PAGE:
Of Sacred Cows and Rebranding Projects

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When it comes to re-design there are few projects I can think of with more sacred cows than
a 1000 year old Catholic Church.
Architect John Pawson recently revealed his stunning restoration of the St Moritz church in Augsburg Germany. I was firstly struck by the stunning simplicity of his design, but was quickly struck by the real success of this project – sensitively transforming a church with one thousand years of baggage, restrictions and rules that could not be broken into a truly remarkable, renewed vision of itself. Ironically this religious re-design project carries more than a passing similarity to the challenges we face when refreshing a brand identity.

So often a re-branding project comes with more restrictions than a choir boy has Sunday roasts, and the presumed sacred cows for a brand are most often what limits the project’s success.

The reasons for a brand to reposition itself are many and varied:
• Significant changes or an Aggressive new player in the market, Loss of market share
• Changes to the business environment through updates to technology or changes to consumer behavior (both of which are occurring with increasingly accelerated regularity)
• New ownership or management
• A new vision for the business
• A merger or an Acquisition
• New product or service development, or
• The maturing of a business to the point where it is ready to (and can afford to) brand itself professionally
But the one thing all businesses have in common when re-branding – it is not a process entered-into without good business reason.

‘The one thing all businesses have in common
when re-branding – it is not a process entered-
into without good business reason.’

Given the importance to a business of it’s re-branding, it should be paramount to limit the compromises imposed on the project at the outset. Yet so many clients weigh down their re-branding project from the start without realizing they are doing-so. Assumptions about which elements of the old brand are critical and must be retained, about the long list of things the brand must continue to stand for, about the target audience – who they are and how they relate to the brand, and about what they are willing to accept by way of change in the way the brand presents itself.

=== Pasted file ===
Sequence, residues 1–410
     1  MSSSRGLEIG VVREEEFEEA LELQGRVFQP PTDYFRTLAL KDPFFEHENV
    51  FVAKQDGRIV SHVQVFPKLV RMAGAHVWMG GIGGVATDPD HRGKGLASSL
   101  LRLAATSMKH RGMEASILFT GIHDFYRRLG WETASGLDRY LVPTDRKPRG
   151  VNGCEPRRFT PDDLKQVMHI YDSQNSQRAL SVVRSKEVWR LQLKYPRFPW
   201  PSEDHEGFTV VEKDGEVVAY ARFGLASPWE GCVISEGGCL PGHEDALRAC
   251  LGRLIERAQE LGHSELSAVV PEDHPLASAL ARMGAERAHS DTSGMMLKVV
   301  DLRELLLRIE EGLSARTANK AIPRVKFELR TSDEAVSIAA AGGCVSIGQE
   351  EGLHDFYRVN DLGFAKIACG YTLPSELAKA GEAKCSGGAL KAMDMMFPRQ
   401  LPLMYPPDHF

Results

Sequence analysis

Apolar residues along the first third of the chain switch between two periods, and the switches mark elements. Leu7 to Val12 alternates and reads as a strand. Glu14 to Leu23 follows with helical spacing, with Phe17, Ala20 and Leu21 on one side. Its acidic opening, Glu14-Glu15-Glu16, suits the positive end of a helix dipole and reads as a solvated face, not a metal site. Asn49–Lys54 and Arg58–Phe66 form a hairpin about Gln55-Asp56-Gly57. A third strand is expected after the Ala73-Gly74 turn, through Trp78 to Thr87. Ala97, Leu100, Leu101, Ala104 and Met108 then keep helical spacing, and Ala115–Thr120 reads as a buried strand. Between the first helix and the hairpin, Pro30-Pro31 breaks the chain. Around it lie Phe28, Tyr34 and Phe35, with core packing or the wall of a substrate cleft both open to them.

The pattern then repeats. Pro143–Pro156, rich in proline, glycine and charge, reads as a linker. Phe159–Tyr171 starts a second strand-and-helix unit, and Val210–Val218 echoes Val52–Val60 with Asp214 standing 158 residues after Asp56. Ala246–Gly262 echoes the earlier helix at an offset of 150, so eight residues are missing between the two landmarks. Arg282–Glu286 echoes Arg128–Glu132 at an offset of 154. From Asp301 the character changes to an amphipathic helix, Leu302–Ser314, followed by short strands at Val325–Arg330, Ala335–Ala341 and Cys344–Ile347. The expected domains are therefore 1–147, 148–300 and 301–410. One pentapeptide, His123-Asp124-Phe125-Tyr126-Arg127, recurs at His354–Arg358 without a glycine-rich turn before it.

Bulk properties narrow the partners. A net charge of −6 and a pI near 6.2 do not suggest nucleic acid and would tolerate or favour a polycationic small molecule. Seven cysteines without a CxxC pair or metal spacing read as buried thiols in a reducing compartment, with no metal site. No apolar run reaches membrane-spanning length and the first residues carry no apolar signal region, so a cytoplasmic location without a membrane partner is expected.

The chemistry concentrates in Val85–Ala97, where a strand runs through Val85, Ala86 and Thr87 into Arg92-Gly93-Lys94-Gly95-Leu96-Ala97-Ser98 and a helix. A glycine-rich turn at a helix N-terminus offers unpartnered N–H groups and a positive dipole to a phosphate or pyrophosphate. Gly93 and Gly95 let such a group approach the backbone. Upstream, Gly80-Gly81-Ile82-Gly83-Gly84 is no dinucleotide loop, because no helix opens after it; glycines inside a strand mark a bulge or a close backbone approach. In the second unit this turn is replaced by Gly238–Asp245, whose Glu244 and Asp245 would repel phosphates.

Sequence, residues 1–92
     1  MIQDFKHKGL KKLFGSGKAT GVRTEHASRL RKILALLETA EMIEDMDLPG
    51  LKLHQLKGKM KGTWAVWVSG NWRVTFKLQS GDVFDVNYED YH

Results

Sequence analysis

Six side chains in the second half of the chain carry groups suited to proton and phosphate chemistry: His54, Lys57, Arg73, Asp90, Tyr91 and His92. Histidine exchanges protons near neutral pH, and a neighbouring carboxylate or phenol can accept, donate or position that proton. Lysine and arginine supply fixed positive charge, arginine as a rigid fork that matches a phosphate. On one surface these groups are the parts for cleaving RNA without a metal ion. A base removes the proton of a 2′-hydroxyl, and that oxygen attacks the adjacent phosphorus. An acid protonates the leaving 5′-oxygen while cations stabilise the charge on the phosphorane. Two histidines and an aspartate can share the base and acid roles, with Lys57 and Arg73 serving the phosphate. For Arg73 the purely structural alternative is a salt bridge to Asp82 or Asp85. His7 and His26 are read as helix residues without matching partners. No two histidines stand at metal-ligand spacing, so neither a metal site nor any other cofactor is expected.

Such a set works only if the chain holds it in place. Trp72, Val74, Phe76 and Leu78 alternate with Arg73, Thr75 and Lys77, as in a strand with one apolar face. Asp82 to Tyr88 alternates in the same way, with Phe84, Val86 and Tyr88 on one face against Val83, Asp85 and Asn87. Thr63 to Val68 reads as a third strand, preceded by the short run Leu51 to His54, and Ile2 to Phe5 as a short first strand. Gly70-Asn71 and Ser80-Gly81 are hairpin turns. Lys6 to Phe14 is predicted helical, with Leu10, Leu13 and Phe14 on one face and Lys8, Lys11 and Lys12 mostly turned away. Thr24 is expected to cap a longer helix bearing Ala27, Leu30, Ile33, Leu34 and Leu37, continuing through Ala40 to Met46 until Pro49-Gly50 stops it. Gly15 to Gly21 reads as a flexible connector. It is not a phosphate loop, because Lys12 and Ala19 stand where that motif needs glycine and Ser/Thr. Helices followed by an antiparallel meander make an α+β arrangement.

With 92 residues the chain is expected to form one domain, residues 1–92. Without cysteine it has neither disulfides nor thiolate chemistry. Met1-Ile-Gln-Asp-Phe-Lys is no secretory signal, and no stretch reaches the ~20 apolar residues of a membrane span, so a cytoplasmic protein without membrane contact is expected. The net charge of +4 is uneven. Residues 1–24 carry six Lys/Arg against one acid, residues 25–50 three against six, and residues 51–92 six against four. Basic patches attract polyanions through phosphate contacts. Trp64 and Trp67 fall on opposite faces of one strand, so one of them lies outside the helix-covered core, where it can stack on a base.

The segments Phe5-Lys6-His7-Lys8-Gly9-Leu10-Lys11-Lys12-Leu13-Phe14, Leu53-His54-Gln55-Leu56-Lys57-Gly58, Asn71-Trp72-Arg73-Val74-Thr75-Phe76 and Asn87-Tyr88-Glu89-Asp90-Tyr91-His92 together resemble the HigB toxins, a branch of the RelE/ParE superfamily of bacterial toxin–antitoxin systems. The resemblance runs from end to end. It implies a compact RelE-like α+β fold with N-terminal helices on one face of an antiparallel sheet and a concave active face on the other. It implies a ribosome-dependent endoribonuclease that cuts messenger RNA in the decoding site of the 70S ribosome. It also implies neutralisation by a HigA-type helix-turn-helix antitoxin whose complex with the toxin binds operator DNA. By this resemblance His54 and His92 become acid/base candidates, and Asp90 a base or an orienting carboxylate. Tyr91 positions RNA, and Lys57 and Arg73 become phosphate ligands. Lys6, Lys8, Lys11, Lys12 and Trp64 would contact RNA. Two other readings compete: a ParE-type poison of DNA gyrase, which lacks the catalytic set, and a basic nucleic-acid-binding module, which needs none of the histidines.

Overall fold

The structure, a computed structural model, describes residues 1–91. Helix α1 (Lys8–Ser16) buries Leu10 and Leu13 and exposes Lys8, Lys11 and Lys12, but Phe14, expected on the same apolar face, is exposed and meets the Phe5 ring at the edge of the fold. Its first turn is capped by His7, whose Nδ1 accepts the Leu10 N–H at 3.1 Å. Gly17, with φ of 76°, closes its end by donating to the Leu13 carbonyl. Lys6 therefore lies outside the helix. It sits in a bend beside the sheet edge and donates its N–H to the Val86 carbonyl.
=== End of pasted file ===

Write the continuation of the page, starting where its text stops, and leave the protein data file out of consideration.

It’s no that these ‘risk points’ for a re-brand should be ignored, but that a professional brand design agency is best positioned to discover and understand which of these issues are critical to the success of the brand and which are imagined to be so through ungrounded assumption.

And this is where the brilliance of the St Moritz church redesign truly shines. This beautifully designed, holy place represents a victory for faith in professional design over fear of doing things in any way other than the way they have always been done. Without doubt the new church is a breath-taking and inspiring space, whilst retaining, if-not enhancing its spiritual impact. Though it looks like no church I’ve ever been inside, it undoubtedly remains a place of worship, simply one that has been re-imagined and re-defined to suit the times – an achievement all the churches and all the ministers within have been struggling with for decades.

I hope you enjoy the pics below as much as I do, and for the managers and owners of brands amongst you, imagine as you wonder at the beauty of this re-design, how differently it may have turned-out if treated with the same restrictive thinking many re-branding projects are saddled with.

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